I want to run a command that opens a terminal and sources into it a set of variables.

How can I do this? I'm using xfce4-terminal. It has a command-line arg "--command", to execute commands upon opening the terminal. But that arg doesn't appear to allow execution of the source command.

For example:

use terminal's --command flag to open it with sourced environment vars

xfce4-terminal \
--command 'source somefile' \
--hold &

But it just gives an error: failed to execute child process 'source': no such file or directory.

That is what you would try naturally after reading the xfce4-terminal's sparse manpage.

How about specifically invoking bash within the new terminal to source the file?

xfce4-terminal \
--command 'bash -c "source somefile \
--hold &

That executes the source command, but as soon as it is finished the terminal exits.

You might try that after searching the forums and finding it written that one must call bash to run the bash command source. (What is that? Start a terminal with a bash instance to call another bash to run the command)

call bash within bash, within bash, within terminal, to run the command

xfce4-terminal \
--command 'bash -c "source somefile; bash"' \
--hold &

That opens a terminal and keeps it open, but without the sourced environment.

Seems silly, but that's something else you might try after searching the forums.

use bash to call bash with sourced environment

xfce4-terminal \
--command 'bash -c "bash -c \"source somefile; some_command\""' \
--hold &

That sources the new env in a new terminal, but it just closes again as soon as the source cmd has finished executing. (Just some guesswork)

create a script called source_somefile which invokes bash and runs 'source somefile'

xfce4-terminal \
--command 'source_somefile' \
--hold &

No. The terminal closes again as soon as the source cmd has finished executing.

Though you can't be blamed for thinking that would surely work: putting the source cmd in a script and running that using the terminal with the --command flag, so that the --hold flag might also be used to stop the terminal exiting when the source command has finished executing?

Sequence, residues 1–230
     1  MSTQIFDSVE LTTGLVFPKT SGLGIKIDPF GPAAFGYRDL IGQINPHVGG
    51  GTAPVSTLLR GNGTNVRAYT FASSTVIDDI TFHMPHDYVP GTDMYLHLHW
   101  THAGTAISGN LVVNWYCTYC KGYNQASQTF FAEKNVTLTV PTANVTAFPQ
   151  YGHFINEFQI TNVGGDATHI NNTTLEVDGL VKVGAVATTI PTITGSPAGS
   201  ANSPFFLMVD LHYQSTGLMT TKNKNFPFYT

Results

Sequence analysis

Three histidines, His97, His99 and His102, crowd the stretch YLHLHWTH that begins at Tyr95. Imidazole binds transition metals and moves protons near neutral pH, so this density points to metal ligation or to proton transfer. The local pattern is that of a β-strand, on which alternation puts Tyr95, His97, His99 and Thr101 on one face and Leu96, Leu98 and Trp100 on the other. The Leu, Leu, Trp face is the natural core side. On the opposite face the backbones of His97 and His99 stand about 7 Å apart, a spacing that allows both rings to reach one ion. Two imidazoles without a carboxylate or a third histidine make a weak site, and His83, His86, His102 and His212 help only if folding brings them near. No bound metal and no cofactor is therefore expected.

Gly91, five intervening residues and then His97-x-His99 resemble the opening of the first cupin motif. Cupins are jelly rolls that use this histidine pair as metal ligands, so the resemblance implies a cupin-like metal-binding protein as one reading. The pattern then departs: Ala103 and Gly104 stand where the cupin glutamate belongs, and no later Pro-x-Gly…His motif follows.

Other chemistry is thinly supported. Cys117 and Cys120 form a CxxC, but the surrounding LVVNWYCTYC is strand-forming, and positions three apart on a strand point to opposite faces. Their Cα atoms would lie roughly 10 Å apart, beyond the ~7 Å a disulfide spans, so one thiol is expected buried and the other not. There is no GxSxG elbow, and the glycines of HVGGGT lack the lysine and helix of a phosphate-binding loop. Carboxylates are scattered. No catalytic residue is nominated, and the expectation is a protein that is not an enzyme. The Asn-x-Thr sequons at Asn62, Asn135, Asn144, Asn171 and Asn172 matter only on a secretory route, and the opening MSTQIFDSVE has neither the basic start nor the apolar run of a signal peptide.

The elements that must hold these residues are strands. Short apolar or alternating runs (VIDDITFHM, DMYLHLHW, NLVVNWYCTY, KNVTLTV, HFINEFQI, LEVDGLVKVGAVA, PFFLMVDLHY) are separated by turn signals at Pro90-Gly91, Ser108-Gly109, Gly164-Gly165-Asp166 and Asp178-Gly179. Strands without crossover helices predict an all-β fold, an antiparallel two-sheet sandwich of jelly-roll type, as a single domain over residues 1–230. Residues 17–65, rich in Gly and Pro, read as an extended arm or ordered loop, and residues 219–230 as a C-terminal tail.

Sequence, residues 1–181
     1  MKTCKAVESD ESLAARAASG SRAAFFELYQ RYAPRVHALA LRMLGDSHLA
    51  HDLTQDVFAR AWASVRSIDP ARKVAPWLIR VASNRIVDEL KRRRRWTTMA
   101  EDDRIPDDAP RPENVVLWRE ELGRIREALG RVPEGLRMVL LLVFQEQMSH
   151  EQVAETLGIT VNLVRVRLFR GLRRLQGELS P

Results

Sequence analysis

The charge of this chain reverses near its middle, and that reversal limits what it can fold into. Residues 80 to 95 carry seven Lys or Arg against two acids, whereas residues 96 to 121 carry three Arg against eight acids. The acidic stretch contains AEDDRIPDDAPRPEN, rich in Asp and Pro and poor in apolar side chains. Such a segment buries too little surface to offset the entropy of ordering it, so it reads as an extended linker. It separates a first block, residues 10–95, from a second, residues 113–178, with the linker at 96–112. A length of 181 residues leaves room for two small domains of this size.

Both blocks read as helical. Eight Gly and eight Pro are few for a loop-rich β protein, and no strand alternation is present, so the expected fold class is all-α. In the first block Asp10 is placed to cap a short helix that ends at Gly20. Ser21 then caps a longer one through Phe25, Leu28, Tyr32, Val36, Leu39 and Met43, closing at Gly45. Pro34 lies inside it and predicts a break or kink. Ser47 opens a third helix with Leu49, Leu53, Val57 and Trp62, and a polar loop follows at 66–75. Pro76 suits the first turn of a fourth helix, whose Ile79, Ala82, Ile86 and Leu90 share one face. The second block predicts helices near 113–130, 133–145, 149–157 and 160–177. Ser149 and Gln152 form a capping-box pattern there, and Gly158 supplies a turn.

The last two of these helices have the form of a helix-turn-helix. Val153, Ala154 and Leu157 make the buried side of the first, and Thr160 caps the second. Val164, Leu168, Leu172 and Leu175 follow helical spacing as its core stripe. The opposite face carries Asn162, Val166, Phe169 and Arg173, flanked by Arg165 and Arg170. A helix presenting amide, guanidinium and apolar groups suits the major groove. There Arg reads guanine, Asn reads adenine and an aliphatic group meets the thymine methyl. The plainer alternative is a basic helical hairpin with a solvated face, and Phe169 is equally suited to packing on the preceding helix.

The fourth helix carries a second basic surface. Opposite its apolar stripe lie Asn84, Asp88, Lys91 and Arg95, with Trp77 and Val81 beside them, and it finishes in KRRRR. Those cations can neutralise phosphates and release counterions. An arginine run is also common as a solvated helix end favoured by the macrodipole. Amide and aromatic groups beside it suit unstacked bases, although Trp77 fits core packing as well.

How about, running the script as: bash -c 'source somefile'?

No: terminal closes again as soon as the source cmd has finished executing.

So how can this be done, short of printing off the xfce4-terminal manpage and ritually burning it over a blood sacrifice under a harvest moon? And then howling... howling...


2 Answers 2


You just source first and open the terminal after (I am using the portable . instead of the bash-specific source):

. source_somefile && xfce4-terminal

The terminal will inherit the environment it was sourced from. For example, if I have this:

$ cat /home/terdon/file
export my_var="foo"

And then make an alias like this:

alias my_profile='. /home/terdon/file && xfce4-terminal'

I can then run the alias which will open a new terminal in which echo $my_var will print foo. Note that the variables will need to be exported for this, and you should use the full path to the file you are sourcing.

screenshot showing this in action

  • Bizarrely perhaps, this did not work. For example: echo "export a=\"eh?\"" > somefile && . somefile && xfce4-terminal, left a set as expected in the controlling terminal but empty in the new one.
    – markling
    Oct 3, 2022 at 8:56

I've seen here a possible solution. So maybe using --disable-server flag works in the end...

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    Sep 12 at 12:19

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